In 1959 John XXIII announced the convocation of the Second Vatican Council, which was held between 1962 and 1965. St. Josemaría accompanied with intensity, with enthusiasm in the flourishing moments and with concern in the moments of tension (which were not lacking), both the holding of the Council sessions and the subsequent posting on internshipof the various documents approved and the processes of renewal and change that accompanied them.
The spread of Opus Dei drew attention to its founder in Christian circles, in society and in some of the media on speech. From 1966 onwards, various journalists from France, the United States, Spain and Italy asked him for interviews. In all cases they were extensive interviews, which Saint Josemaría answered at length. These interviews and a homily given in 1967 were published in another of his works: Conversations with Bishop Escrivá de Balaguer (1968). During those same years, Saint Josemaría selected, revised and published the texts of some of the meditations and homilies he had preached. This is the origin of two new books: Christ Is Passing By, which appeared in 1973, and Friends of God , published posthumously (1977) but with texts already prepared by the author. Other works published shortly after his death have a similar origin: The Way of the Cross (1981), Furrow ( 1986) and Forge(1987).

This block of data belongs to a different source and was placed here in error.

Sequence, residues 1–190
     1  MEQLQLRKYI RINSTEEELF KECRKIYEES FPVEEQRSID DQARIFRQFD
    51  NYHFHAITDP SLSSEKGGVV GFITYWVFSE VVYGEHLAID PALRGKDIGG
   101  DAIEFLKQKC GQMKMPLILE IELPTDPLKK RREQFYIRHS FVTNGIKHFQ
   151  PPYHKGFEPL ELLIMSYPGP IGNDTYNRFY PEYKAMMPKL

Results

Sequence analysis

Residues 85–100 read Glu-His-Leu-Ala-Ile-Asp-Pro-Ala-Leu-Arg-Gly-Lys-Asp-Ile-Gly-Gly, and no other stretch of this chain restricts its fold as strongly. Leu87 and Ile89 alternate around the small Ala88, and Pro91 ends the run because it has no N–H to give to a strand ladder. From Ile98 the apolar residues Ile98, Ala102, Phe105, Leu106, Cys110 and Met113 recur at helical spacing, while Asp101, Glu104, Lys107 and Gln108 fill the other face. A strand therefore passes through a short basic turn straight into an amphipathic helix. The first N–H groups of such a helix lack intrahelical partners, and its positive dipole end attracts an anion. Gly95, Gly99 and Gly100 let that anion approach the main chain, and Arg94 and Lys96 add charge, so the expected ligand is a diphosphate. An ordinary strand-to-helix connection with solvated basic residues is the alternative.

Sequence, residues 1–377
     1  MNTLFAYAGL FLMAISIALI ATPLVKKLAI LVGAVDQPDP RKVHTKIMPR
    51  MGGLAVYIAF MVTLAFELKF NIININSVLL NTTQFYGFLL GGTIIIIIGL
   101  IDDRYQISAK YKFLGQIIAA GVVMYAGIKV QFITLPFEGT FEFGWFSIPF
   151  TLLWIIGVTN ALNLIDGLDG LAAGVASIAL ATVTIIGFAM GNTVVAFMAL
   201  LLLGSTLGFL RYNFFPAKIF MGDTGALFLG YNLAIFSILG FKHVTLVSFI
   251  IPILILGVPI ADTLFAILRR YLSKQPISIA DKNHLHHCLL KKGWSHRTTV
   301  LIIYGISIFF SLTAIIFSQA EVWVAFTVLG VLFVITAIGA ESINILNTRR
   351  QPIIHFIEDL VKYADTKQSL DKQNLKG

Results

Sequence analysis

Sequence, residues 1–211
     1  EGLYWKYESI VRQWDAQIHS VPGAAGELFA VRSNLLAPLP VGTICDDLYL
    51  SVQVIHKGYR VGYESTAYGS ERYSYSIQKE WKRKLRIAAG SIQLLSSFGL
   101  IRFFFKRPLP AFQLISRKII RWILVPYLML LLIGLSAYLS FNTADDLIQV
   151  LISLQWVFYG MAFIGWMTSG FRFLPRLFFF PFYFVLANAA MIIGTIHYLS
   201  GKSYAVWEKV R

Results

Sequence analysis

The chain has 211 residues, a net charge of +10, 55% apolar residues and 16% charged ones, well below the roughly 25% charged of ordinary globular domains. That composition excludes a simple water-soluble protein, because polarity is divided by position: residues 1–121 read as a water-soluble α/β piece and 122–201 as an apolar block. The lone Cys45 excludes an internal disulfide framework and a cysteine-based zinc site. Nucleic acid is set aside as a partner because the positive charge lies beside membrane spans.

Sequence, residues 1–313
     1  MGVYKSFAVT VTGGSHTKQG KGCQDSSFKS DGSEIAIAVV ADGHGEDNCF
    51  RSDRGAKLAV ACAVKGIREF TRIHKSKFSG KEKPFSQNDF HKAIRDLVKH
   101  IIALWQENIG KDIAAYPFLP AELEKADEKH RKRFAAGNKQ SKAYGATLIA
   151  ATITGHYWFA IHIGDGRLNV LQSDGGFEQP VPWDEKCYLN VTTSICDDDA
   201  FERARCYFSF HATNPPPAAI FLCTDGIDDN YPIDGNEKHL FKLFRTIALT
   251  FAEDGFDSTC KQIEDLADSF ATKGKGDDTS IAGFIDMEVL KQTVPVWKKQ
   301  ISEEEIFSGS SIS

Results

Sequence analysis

Home_Saint Josemaría catechesis
The catechesisby various countries
Throughout his life, Saint Josemaría had conceived of his activity as a great catechesis. In this sense, closely united to the teaching of John XXIII and Paul VI, the Popes who occupied the Roman See during those years, and desiring that the recently celebrated Council would proclaim the vitality and richness of the Word of God, St Josemaría carried out an intense catechetical work during the last period of his life. catechesisHe received many visitors in Rome and made extensive trips to Europe and America (1970, 1972, 1974, 1975), where he met with thousands of people. In these meetings he transmitted vibrant words of love for God, Christ, Our Lady and the Church.
Home_St Josemaria death
Death and canonisation
On 26 June 1975 he gave his soul to God. He collapsed as a result of a sudden attack, as he entered the room where he usually worked. He died with the same simplicity that had characterised his whole life. The fame of his heroic virtues soon spread throughout the world. Since then, countless people have turned to her intercession for material and spiritual favours. On 12 May 1981 his Cause of Beatification and Canonisation was opened in Rome. After a rigorous study of his life and writings, and the testof a miracle worked through his intercession, John Paul II beatified him on 17 May 1992 in Rome, in front of a crowd that filled St. Peter's place. After a further miracle at C, he was canonized by the Pope on October 6, 2002, before a crowd that surpassed the previous one, and which in itself was eloquent of the breadth and universality of devotion to St. Josemaría. And, above all, it showed the echo of his preaching of the universal call to holiness in all environments and at all latitudes.
Likewise, the canonisation processes of eight men and six women of Opus Dei have begun in various dioceses around the world (Coira (Switzerland), Valladolid, Washington, Pamplona, Guatemala City, Barcelona and Madrid). Álvaro del Portillo, who was his closest partnerand first successor, was beatified in September 2014.